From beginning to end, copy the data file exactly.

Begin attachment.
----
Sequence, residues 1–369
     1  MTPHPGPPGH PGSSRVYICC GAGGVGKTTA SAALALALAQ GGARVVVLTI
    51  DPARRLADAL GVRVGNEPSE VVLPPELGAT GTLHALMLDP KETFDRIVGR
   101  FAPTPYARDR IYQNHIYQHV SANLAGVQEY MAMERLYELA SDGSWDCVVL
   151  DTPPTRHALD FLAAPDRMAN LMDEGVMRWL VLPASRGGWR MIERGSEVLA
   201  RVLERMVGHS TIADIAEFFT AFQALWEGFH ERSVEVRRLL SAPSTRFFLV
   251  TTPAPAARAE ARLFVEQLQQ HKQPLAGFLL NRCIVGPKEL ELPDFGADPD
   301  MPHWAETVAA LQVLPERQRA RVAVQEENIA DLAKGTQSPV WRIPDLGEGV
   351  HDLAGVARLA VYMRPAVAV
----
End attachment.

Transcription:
Sequence, residues 1–369
     1  MTPHPGPPGH PGSSRVYICC GAGGVGKTTA SAALALALAQ GGARVVVLTI
    51  DPARRLADAL GVRVGNEPSE VVLPPELGAT GTLHALMLDP KETFDRIVGR
   101  FAPTPYARDR IYQNHIYQHV SANLAGVQEY MAMERLYELA SDGSWDCVVL
   151  DTPPTRHALD FLAAPDRMAN LMDEGVMRWL VLPASRGGWR MIERGSEVLA
   201  RVLERMVGHS TIADIAEFFT AFQALWEGFH ERSVEVRRLL SAPSTRFFLV
   251  TTPAPAARAE ARLFVEQLQQ HKQPLAGFLL NRCIVGPKEL ELPDFGADPD
   301  MPHWAETVAA LQVLPERQRA RVAVQEENIA DLAKGTQSPV WRIPDLGEGV
   351  HDLAGVARLA VYMRPAVAV